Bunny Smedley

Well, okay, if that's the Gainsborough you're choosing, who on earth can argue with you? I give up!

[Of course you know, don't you, the sad story following on from the painting? All of which makes the butterflies all the more poignant, along with the unfinished nature of the thing. But yes, obviously, the charm of that painting is above argument.]

Meanwhile you are also right about the effect of age on Constable versus Turner. What you don't perhaps yet realise is the effect of age on Thornhill versus Constable versus Turner. Thornhill is just stupidly underrated, unless you have a very good reason for not wanting a significant British painter for the early years of the 18th century. If the Painted Hall in Greenwich were in, say, Padua, people would make the most enormous fuss over it. As it's in Greenwich, on the other hand, who cares?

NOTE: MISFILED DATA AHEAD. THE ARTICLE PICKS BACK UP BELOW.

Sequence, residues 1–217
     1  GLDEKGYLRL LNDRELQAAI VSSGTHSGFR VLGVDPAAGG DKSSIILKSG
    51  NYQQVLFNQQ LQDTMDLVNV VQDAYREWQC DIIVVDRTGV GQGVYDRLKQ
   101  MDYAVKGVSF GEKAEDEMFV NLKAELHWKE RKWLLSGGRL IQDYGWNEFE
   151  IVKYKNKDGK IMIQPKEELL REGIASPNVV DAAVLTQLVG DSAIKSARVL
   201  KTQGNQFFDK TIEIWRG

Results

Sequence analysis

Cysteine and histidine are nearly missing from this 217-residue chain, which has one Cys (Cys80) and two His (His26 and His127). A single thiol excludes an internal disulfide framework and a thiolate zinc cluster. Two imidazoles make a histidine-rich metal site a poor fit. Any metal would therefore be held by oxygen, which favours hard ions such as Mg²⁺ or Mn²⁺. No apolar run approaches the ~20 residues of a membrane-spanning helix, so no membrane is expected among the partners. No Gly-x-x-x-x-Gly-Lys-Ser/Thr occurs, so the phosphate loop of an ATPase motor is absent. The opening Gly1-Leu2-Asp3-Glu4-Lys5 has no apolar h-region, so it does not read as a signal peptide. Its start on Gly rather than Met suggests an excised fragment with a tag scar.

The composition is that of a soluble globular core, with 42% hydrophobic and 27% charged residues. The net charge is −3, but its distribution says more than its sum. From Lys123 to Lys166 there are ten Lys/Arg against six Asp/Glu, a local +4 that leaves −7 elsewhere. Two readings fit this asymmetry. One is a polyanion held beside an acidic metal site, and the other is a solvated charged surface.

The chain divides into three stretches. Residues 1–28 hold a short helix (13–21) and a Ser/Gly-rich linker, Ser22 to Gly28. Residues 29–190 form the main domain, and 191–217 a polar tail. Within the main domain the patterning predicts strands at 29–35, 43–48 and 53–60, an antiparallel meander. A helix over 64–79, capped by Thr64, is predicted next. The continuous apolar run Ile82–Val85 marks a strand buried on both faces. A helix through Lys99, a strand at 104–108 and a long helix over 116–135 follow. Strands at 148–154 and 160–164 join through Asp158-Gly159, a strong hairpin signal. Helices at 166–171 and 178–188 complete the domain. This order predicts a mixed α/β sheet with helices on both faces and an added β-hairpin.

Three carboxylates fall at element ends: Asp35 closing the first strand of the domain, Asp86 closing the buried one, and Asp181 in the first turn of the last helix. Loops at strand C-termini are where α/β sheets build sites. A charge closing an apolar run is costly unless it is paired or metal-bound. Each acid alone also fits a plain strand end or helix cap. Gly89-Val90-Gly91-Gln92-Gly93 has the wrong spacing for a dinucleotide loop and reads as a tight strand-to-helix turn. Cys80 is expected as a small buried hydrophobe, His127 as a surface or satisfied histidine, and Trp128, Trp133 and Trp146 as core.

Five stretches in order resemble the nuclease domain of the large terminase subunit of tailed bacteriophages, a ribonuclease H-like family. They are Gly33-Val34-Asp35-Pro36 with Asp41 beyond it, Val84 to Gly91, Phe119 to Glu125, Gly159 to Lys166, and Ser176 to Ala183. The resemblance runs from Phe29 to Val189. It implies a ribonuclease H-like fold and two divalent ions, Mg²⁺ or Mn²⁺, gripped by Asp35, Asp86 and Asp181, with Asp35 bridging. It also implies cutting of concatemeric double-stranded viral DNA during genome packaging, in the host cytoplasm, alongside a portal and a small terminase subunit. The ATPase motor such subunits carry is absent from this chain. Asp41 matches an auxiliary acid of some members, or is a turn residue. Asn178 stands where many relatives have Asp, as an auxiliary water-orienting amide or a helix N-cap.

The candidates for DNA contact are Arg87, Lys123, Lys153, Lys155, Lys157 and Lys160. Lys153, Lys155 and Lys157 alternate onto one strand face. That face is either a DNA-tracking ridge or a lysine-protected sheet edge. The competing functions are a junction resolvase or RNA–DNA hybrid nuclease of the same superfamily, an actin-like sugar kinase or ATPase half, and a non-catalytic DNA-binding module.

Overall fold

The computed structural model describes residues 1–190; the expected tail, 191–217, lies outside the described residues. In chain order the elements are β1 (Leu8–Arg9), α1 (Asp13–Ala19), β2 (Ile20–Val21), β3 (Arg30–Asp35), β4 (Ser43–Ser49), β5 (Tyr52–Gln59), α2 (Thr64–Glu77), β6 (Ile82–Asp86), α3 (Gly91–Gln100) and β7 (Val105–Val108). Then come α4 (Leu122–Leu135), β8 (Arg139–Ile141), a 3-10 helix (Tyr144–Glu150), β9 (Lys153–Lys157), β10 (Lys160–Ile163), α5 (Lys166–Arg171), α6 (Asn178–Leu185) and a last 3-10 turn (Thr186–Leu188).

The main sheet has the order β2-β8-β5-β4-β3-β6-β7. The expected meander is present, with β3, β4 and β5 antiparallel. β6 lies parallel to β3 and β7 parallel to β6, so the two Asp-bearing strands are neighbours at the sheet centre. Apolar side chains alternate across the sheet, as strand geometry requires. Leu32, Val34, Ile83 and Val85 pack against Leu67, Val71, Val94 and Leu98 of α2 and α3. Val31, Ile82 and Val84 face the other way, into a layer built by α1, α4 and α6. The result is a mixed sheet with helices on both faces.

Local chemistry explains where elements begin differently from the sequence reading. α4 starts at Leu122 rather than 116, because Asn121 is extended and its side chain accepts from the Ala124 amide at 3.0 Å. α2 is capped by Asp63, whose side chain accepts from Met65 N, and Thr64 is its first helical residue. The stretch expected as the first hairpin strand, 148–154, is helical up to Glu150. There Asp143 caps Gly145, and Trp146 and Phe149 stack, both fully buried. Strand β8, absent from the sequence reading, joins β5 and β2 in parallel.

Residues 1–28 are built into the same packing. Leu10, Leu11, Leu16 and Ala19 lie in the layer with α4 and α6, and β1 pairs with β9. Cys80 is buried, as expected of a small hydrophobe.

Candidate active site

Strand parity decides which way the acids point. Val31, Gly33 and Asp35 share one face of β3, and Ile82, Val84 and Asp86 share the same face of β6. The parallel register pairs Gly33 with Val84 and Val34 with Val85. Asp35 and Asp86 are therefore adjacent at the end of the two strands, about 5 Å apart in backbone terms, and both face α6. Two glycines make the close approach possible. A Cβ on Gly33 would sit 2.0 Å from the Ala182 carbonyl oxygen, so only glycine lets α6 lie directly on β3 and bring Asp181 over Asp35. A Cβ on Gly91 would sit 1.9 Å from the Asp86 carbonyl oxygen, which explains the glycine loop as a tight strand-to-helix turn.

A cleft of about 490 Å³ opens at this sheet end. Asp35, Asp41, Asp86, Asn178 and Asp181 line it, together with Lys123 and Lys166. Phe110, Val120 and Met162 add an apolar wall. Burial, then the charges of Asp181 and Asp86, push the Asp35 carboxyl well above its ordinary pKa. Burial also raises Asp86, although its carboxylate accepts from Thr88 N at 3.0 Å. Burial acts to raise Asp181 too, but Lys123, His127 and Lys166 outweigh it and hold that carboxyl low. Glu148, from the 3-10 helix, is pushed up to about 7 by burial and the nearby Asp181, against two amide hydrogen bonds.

Stubbs, at least, has his turn coming up for prime-time exposition in the horrid dank cellars of the National Gallery.

Why did no one even mention poor Reynolds?

Miguel Sánchez

Of course you know, don't you, the sad story following on from the painting?

Not in all of the details, but the general outline, yes. A Massachusetts museum has one of his later portaits of the two together. You're right in how the poignancy of this (already pretty poignant) painting is heightened, though.

You may be right about Thornhill, I can't really judge. What education I had in British art presented him as only the fainest glimmer of hope on the long slog between Van Dyke and Hogarth (I exaggerate only slightly), and I've little way of correcting that from here.

I was a big fan of Reynolds back in the day, and still like a number of his. I most enjoy the portrait of Garrick, but there are others. And of course the art historians love him for all of the juicy eighteenth century theory.